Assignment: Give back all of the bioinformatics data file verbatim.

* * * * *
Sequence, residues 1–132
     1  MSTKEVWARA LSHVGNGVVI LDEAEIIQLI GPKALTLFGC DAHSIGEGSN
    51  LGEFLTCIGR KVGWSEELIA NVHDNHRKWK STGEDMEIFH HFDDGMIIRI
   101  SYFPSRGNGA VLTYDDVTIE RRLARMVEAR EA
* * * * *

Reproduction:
Sequence, residues 1–132
     1  MSTKEVWARA LSHVGNGVVI LDEAEIIQLI GPKALTLFGC DAHSIGEGSN
    51  LGEFLTCIGR KVGWSEELIA NVHDNHRKWK STGEDMEIFH HFDDGMIIRI
   101  SYFPSRGNGA VLTYDDVTIE RRLARMVEAR EA